Background of GED

Literacy Problem

At least 20 to 30 million Americans are seriously handicapped because they lack adequate basic skills to perform their jobs and in their everyday lives. The adult literacy problem in the United States is monumental and sums it up: “by most measures, at least 20 to 30 million adults do not have the basic skills required to function effectively in our society and a large portion of them suffer from economic and social distress that reasonably can be related to their lack of basic skills”. These staggering statistics pose humanitarian, civic and economic concerns for the nation.

Economic Future

Our nation’s economic future depends to a very significant extent on whether we can improve the basic skills of today’s adults and whether we can do it soon. This is probably the most compelling stake individuals have in the literacy problem. There is evidence that Americans are attempting to improve their basic skills. In 1995, the American Council on Education (ACE) reported that one out of seven high school credentials issued in the United States is a General Educational Development (GED) diploma. Annually, over 700,000 adults attempt to earn a GED diploma. The statistics are alarming, but the stories behind the statistics reveal why so many Americans are earning GEDs.

GED Items reports a story about a young girl who leaves school, abandoning her dreams to be a teacher or a secretary, to nurse a dying mother, tend to her father, mother her baby sister and run the household. By the time the young girl turns 17; she experiences her mother’s death, gives birth to a son, and marries a truck driver. She later gives birth to another child, but before her children reach adulthood, her husband dies. While trying to raise her children as a single parent, she experiences kidney failure and is placed on dialysis for six years until she was fortunate enough to receive a kidney transplant. Her struggle continued as she found ways to pay for her medication. Realizing she needed a good job in order to pay for her medication, she decided to take the advice she had always given her children about getting a good education. And, in April of 1994, she passed the GED tests and earned a GED diploma.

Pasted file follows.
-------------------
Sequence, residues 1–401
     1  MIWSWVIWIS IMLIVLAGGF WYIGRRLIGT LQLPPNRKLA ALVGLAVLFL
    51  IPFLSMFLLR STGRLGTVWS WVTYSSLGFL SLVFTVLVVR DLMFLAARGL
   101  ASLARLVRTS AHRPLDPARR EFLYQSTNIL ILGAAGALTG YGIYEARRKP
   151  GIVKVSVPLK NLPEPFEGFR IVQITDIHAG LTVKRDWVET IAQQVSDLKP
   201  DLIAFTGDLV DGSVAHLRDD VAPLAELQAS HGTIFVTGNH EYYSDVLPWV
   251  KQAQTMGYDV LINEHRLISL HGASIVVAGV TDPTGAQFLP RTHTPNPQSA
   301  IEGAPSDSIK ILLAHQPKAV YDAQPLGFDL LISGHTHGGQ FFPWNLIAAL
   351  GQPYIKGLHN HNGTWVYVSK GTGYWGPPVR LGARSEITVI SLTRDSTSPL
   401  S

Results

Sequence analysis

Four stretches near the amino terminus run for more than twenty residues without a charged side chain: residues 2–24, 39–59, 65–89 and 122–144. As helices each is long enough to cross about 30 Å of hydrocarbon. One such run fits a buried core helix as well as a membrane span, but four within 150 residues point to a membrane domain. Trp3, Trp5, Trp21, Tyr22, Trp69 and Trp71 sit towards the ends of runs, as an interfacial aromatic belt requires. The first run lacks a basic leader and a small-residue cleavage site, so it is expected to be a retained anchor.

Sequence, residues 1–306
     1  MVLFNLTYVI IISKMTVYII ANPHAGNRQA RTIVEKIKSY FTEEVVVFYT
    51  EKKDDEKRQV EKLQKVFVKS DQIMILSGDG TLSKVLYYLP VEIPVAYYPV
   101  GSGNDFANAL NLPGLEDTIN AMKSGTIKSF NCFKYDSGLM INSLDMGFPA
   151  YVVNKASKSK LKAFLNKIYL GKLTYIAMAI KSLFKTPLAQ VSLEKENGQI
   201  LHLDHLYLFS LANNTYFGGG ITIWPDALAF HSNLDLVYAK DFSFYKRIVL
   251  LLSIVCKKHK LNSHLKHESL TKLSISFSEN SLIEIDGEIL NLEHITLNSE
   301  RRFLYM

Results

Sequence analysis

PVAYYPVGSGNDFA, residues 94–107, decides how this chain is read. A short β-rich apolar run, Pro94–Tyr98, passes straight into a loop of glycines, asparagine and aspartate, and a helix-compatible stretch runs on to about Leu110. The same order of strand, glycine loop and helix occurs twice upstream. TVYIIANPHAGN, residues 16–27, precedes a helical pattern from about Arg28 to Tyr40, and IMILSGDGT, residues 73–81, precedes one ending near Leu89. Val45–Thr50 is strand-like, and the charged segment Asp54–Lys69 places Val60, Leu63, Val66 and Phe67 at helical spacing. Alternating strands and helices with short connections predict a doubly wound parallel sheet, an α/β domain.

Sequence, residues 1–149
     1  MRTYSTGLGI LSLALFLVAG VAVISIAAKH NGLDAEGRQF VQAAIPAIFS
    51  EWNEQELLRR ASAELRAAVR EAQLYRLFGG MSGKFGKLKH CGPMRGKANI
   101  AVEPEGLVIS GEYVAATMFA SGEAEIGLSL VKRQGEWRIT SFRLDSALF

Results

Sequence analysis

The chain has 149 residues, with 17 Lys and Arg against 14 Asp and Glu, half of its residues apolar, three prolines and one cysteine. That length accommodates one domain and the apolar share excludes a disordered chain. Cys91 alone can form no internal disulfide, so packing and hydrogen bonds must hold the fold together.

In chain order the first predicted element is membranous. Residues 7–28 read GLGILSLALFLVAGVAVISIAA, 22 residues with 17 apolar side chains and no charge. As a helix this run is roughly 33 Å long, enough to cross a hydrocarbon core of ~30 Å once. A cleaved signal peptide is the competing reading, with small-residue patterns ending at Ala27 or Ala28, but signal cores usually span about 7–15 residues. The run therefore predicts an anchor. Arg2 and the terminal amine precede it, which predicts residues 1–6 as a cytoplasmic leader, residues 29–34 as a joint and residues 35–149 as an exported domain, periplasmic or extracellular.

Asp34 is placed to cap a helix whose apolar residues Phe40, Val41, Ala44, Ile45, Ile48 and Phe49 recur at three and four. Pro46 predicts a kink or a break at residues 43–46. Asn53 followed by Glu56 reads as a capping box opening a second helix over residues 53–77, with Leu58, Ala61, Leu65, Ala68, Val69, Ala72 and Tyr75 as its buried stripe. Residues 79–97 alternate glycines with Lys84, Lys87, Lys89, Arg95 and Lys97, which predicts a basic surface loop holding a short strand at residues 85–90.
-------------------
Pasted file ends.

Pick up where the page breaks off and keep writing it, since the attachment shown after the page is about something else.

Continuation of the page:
GED Testing Service

According to the GED Testing Service, the real stories, like the one cited above, are in the people it serves. For these individuals, the GED tests are truly a second chance. Each story, however, reveals the diversity of individuals who want to complete their high school education. Some individuals need the GED to obtain a job or a job promotion; some are young high school dropouts, some are much older, and some pursue the GED to be a role model for their own children or grandchildren to encourage them to stay in school.

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